Ibrahima Wane is a senegalese academic, his current research interests are popular poetry and music in West Africa, written literature in African languages, urban cultures and the political imaginary. Festival Sur Le Niger is a music festival with many programmes and workshops held in Segou, Mali. The Festival is run on the principles of Maaya. Maaya entrepreneurship is a philosophy of creative practice, community connection and economic development based on traditional Malian practices. It is a way to ensure the unbreakable bond between individual and community for the good of all parts of society. The festival uses these principles to operate the festival itself but also to integrate the potential of the festival into its immediate community.

Group: Kher Thiossane (Marion Louisgrand Sylla)

Researcher: Dieynaba Ndiaye

Kher Thiossane has developed a substantial archive of collective knowledge on the commons, particularly through their ongoing programme ‘School of the commons’. Kher Thiossane is also involved in the AC collaborative project on the commons. The Defko Ak Niëp fablab is an open production space for the neighborhood where anyone can come to learn, experiment, pass on or produce. Defko Ak NEP mutualizes manufacturing machinery and takes upon the initiative to spin off free culture and digital technology, where the notions of sharing and fortification of common property are effective.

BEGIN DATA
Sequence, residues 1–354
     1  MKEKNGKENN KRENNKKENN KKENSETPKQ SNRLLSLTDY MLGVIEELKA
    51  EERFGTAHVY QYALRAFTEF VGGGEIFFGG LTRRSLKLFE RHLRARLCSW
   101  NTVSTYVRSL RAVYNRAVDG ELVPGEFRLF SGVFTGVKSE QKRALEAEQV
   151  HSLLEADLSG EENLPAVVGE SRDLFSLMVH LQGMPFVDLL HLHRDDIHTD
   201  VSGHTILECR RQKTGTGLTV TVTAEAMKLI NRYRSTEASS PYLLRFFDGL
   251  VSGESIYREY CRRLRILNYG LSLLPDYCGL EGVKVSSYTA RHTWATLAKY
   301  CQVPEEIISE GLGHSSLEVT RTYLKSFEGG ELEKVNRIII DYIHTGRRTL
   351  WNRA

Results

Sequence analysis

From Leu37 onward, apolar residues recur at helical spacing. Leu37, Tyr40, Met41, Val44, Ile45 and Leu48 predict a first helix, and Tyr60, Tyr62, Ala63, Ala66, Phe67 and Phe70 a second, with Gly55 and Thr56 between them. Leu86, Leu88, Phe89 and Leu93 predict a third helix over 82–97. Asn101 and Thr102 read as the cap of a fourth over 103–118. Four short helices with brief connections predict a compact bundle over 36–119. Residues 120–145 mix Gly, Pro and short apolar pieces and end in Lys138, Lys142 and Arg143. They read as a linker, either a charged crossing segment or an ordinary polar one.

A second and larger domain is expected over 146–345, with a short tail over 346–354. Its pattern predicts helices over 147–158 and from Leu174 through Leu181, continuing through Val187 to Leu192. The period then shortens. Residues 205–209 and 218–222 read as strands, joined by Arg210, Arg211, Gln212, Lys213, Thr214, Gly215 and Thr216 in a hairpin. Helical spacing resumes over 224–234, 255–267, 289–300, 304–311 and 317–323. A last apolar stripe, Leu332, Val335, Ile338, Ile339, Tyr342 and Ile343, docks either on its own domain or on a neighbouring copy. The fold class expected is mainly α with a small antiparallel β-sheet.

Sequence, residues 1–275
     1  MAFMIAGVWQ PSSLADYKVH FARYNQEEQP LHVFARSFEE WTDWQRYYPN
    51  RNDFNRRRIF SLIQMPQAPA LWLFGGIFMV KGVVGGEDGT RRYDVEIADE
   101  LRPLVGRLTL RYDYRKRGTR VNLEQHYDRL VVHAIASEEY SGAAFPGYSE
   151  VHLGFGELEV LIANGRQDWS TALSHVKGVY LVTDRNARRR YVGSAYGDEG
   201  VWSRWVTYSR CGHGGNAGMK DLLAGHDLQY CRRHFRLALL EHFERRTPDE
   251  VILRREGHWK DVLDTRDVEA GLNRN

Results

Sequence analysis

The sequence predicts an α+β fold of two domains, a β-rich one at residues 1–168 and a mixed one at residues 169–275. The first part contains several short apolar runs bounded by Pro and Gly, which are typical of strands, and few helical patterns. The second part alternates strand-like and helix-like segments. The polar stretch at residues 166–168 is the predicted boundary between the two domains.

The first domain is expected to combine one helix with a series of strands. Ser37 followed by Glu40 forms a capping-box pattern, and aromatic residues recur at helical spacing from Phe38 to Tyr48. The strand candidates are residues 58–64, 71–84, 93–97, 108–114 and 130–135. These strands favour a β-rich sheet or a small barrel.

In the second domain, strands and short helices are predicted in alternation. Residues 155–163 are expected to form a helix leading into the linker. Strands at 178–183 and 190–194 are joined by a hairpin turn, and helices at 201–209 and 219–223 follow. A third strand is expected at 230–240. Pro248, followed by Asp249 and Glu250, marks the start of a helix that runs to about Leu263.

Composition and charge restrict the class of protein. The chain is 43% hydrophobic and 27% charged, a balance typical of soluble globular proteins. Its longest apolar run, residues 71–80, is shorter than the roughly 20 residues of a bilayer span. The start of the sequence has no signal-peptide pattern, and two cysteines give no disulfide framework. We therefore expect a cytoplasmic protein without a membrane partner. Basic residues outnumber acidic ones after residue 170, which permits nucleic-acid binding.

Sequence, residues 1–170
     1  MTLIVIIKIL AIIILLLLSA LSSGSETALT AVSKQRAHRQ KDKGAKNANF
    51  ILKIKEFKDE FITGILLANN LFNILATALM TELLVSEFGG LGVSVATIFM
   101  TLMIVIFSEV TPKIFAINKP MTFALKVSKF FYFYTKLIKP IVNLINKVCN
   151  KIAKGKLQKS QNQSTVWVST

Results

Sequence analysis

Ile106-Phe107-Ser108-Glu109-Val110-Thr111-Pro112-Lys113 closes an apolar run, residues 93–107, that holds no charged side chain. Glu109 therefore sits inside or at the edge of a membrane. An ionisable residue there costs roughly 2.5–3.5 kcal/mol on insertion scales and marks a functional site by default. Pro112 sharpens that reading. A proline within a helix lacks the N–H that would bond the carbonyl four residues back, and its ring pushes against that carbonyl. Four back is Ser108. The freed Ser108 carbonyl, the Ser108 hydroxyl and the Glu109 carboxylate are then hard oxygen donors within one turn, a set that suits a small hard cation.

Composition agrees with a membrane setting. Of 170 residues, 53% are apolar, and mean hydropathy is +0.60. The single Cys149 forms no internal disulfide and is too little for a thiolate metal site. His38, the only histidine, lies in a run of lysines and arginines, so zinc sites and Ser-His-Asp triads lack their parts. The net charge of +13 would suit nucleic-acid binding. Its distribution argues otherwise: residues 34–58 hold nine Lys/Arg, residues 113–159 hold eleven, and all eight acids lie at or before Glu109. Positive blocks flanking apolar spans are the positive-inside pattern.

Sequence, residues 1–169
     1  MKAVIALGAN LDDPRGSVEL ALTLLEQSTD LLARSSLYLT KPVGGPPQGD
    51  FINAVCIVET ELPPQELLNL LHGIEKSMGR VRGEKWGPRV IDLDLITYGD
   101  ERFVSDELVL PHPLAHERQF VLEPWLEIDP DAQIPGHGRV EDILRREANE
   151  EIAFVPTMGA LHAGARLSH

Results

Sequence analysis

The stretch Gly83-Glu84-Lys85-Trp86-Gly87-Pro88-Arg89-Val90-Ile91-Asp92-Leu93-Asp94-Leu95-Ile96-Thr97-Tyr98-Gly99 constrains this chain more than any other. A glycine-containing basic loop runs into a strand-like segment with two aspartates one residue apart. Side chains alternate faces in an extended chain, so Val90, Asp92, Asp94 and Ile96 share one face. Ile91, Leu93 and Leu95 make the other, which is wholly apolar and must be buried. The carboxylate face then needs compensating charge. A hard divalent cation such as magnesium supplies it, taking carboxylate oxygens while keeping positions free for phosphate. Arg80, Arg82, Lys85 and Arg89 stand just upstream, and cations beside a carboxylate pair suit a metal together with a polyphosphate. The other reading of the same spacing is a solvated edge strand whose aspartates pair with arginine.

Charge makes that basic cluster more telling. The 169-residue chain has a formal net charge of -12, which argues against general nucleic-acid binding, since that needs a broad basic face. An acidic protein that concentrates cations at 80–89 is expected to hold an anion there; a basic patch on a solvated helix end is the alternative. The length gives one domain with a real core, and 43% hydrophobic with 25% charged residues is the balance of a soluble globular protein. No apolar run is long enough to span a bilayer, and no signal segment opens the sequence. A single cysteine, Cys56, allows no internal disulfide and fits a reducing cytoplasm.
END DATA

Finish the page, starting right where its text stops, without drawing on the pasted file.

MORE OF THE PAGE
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led by:

ungovernable (Molemo Moiloa)

ungovernable is a collective of neighbours and extended affinity links, based in ‘Parkbrow’, Johannesburg. The collective is aimed at practicing strategies of ungovernability - self determination and autonomous community collective practices - within our neighbourhood and beyond. ungovernability is a concept informed by anti-apartheid efforts of the 1980s in townships in South Africa in which, in the midst of mass protest and violent repression, communitites came together to establish community frameworks and self-organisation strategies. These included ‘people’s courts’, civics and street committees, ‘people’s parks’ and support committees. ungovernable looks to this history, and conjures ways it might impact new imaginations of our contemporary.